The fabulous Zha K and I did a massive Greensboro Curb Farmer’s M arket trip. The seafood guy was there with sea scallops and large shrimp that he brought up from Harker’s Island. We bought a pound each and split them. When I cleaned the shrimp I found that they still had the heads on and so I ended up with very little shrimp, and that was disappointing. The scallops were wonderful though. Here’s what I did with them:

Marinate 1 pound of cleaned and dressed shrimp and scallops for at least an hour ( I marinated them for about 3 hours):

1/4 c olive oil
1/4 c lime juice
About 3 large minced cloves of garlic

Preheat oven to 450. Put the seafood in an oiled baking pan. Pour over marinade. Add fresh shredded parsley and basil, crumbled feta cheese, shredded parmigiano cheese and fresh ground pepper to taste. Bake for 5-7 minutes, until shrimp is pink. (You’ll notice that the marinade partially “cooks” the seafood.)

I usually serve this over pasta, but I didn’t last night. I use this basic marinade for all seafood, usually adding some hot pepper flakes and varying the herbs according to what I have in the garden. If I have fresh dill, that’s a plus.

We also had fresh corn on the cob and field peas and butterbeans. I bought 12 ears of corn, that same bicolor corn that was so good earlier this summer. I shucked it and cooked a few ears but I need to blanch the rest and cut it off the cob and freeze it today, along with the butterbeans and field peas that I just finished shelling.

Other farmers’ market buys: hamburger, milk, eggplants, red and yellow peppers, sweet onions, eggs, potatoes.

The buzz at the market is that the ownership and management is changing from Greensboro Parks and Recreation to the Department of Agriculture. No one yet knows what the implications of this change will be. There sure has been a lot of hoo-ha between the vendors who want to resell and the farmers who want a level playing field for selling their own produce. I’m on the farmers’ side, myself. If I want to buy from a reseller, I can go to any number of grocery stores in this area and find almost anything I want.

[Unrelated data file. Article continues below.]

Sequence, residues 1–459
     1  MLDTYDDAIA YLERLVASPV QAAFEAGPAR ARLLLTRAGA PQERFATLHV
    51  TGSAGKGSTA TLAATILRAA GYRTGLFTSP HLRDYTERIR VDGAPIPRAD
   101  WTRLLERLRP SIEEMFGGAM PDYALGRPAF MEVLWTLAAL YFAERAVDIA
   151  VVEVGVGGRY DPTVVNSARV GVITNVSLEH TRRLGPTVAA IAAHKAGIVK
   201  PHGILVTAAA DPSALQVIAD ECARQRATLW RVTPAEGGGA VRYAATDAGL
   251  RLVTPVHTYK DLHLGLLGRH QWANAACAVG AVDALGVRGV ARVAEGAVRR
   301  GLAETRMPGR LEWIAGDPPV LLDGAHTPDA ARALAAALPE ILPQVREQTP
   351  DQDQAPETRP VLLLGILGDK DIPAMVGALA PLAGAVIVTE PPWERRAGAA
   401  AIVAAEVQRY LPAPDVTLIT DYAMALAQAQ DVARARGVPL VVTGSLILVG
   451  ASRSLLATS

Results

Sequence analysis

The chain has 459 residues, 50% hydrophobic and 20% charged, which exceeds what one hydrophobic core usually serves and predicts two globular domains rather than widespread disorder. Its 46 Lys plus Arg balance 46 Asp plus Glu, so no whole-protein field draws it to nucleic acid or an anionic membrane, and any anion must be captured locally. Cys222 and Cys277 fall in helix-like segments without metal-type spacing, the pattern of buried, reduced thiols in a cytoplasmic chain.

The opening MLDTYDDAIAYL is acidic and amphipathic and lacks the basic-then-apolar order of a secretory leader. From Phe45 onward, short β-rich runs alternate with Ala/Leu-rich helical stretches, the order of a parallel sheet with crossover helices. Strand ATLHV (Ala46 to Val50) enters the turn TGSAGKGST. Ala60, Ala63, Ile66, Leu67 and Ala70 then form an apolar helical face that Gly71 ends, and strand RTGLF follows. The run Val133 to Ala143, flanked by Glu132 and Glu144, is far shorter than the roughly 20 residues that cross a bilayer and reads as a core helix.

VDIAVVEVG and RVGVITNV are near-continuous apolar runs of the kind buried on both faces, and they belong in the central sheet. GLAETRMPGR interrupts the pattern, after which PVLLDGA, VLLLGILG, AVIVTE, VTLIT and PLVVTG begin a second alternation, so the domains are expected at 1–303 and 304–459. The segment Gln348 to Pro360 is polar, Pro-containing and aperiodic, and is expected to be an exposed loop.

We hung out in the gazebo for a little while, where I am writing this right now, and then completed our shopping at Deep Roots Market. I heated up some fresh tomato sauce over cheese grits from yesterday for lunch, and man, was that good. But then I wore myself out and napped through the afternoon. Susanne was kind enough to come pick up my corn shucks and abaca and she will have the pulp beaten and ready for me to make paper over there today.

My lettuce and mustard seeds are beginning to germinate. That is going to be a very pretty bed if the rabbits and squirrels will leave it halfway alone.

By the way, I’ve been able to go longer and longer without pain medication and I feel pretty doggone good today. I even ate cereal on both sides of my mouth. I slept the whole night through last night.

Italy, Marvelous meals

Osteria Pepò

Friday, 13 ottobre 2006